Even before Hitler won Reichstag backing for his "Enabling Act," Germany's giant
labor union federation, the ADGB, had begun to rally to the National Socialist
cause. As historian Joachim Fest acknowledged: "On March 20, the labor
federation's executive committee addressed a kind of declaration of loyalty to
Hitler." (J. Fest, Hitler, p. 413.)
Hitler than took a bold and clever step. The unions had always clamored to have
the First of May recognized as a worker's holiday, but the Weimar Republic had
never acceded to their request. Hitler, never missing an opportunity, grasped
this one with both hands. He did more than grant this reasonable demand: he
proclaimed the First of May a national holiday.
Just as the Socialist party had gone from a vote in the Reichstag against Hitler
(March 23, 1933) to a vote of support (May 17, 1933), so did the union leaders
make a 180-degree turn within weeks. At one stroke, Hitler granted to the union
what they had vainly asked of every previous government: a holiday celebrated by
the entire nation. He announced that in order to honor Labor, he would organize
the biggest meeting in Germany's history on the First of May at Tempelhof
airfield in Berlin. Caught unprepared, but on the whole very pleased to take
advantage of the situation by throwing in their lot with National Socialism and,
what is more, to take part in a mass demonstration the like of which even
Marxist workers could scarcely imagine, the union leadership called upon their
leftist rank and file to join, with banners flying, the mass meetings held that
May Day across Germany, and to acclaim Hitler.
I myself attended the memorable meeting at the Tempelhof field in 1933. By nine
o'clock that morning, giant columns, some of workers, others of youth groups,
marching in cadence down the pavement of Berlin's great avenues, had started off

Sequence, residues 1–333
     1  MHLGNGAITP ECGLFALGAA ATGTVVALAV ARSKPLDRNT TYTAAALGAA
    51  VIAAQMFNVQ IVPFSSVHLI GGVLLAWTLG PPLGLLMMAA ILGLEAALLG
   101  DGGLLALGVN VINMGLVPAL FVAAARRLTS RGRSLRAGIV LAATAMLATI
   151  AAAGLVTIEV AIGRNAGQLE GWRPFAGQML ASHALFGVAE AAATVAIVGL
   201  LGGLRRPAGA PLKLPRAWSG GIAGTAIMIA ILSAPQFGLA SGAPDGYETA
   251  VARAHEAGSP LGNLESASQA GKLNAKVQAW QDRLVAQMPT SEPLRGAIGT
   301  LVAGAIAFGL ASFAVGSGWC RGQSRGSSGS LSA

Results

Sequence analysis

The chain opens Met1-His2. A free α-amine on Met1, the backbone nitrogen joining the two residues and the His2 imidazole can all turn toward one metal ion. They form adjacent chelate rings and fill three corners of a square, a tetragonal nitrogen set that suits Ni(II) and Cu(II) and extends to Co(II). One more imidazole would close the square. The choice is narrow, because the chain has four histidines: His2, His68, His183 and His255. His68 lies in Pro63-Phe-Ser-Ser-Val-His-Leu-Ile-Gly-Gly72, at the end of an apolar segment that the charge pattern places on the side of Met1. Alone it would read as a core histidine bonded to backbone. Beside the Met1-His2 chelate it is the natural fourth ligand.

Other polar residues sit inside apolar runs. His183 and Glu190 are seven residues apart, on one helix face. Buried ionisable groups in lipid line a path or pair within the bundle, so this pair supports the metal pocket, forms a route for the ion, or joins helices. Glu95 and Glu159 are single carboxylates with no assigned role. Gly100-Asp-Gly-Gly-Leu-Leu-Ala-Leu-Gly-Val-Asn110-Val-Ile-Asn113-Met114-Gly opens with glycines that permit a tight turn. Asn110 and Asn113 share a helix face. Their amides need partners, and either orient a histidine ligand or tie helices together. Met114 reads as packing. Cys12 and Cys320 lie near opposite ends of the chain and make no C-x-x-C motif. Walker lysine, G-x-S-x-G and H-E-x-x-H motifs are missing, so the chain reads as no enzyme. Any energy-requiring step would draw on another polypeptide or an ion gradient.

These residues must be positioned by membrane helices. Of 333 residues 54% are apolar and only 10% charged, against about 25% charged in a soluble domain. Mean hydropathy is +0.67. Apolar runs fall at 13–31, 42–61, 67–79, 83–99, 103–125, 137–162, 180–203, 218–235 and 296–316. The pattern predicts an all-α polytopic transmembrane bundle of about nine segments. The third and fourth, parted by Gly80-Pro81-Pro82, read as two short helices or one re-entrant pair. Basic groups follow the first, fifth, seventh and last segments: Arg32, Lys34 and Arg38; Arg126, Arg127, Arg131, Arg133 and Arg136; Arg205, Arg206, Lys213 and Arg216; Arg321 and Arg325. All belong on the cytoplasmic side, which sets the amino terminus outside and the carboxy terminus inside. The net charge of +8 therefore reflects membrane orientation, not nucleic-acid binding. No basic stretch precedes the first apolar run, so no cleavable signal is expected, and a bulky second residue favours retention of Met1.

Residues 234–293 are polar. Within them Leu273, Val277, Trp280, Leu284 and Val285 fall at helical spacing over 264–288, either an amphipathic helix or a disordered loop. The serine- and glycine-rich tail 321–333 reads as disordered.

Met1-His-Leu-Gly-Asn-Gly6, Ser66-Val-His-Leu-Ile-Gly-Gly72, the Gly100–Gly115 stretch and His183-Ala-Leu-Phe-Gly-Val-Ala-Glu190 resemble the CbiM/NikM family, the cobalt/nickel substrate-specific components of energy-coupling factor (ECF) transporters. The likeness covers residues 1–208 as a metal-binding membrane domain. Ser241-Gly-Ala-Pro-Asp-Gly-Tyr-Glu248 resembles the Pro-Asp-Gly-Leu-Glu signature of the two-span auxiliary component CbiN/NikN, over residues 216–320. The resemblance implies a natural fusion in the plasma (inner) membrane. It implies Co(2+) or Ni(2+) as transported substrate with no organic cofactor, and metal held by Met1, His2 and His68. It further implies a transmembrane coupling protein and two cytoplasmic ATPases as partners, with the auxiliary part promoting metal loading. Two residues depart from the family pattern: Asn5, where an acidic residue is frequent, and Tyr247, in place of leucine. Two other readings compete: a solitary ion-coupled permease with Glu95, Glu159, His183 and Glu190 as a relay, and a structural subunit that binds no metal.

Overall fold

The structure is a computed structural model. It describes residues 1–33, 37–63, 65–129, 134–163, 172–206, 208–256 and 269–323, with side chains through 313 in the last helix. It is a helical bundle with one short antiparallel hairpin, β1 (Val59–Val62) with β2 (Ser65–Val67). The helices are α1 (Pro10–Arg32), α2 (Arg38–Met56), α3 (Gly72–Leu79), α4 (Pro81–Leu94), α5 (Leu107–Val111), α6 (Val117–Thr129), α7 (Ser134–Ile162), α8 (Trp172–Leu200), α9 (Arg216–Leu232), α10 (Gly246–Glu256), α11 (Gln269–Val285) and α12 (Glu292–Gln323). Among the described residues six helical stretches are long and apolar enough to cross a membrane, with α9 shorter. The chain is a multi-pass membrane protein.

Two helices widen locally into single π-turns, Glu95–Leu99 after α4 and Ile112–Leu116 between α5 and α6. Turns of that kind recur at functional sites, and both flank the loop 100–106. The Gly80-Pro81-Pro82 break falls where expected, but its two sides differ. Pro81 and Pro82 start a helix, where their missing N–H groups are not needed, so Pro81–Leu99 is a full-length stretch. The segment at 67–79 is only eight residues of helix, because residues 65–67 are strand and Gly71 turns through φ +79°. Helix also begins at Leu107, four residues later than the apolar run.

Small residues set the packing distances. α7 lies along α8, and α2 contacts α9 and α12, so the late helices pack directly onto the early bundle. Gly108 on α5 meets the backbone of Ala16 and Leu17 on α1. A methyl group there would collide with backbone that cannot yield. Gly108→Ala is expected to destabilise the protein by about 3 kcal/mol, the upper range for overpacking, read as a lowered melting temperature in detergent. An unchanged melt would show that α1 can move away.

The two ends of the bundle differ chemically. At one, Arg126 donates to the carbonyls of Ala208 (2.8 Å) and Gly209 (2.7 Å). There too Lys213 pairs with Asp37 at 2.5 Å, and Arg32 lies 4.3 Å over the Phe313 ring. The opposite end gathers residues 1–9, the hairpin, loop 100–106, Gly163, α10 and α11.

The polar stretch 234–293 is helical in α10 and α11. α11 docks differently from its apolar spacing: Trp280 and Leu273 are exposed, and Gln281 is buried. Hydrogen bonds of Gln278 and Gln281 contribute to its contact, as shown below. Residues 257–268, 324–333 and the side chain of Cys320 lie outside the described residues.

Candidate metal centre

towards the airfield to which Hitler had called together all Germans. All
Germany would follow the rally as it was transmitted nationwide by radio.
By noon hundreds of thousands of workers -- Hitlerites and non-Hitlerites - were
massed on the vast field. The demonstrators observed impeccable order. Hundreds
of tables, quickly set up by the Party, provided the ever-increasing throngs
with sandwiches, sausages, and mugs of beer at cost, to refresh the new arrivals
after their march.
Everyone, of course, was standing, and would remain so for up to fourteen hours.
A fabulous speaker's platform stood out against the sky, three stories high,
flamboyant with huge flags, as impressive as a naval shipyard. As the hours went
by, thousands of prominent figures took their seats, including many members of
the foreign diplomatic corps. By the close of the day, a million and a half
spectators stretched to the outermost edges of the immense plain. Soldiers and
civilians mingled together. Fanfares sounded repeatedly. A political meeting no
longer, it had become a festival, a sort of fantastic Bruegelian kermess, where
middle-class burghers, generals and workers all met and fraternized as Germans
and as equals.
Night fell and Hitler appeared. His speaker's rostrum was indeed like the prow
of a giant ship. The hundreds of beacons which had illuminated the great sea of
humanity were now extinguished. Suddenly, Hitler burst forth from the dark, a
solitary figure, high in the air, lit by the dazzling glare of spotlights.
In the dark, a group of determined opponents could easily have heckled Hitler or
otherwise sabotaged the meeting. Perhaps a third of the onlookers had been
Socialists or Communists only three months previously. But not a single hostile
voice was raised during the entire ceremony. There was only universal
Ceremony is the right word for it. It was an almost magical rite. Hitler and
Goebbels had no equals in the arranging of dedicatory ceremonies of this sort.
First there were popular songs, then great Wagnerian hymns to grip the audience.
Germany has a passion for orchestral music, and Wagner taps the deepest and most
secret vein of the German soul, its romanticism, its inborn sense of the
powerful and the grand.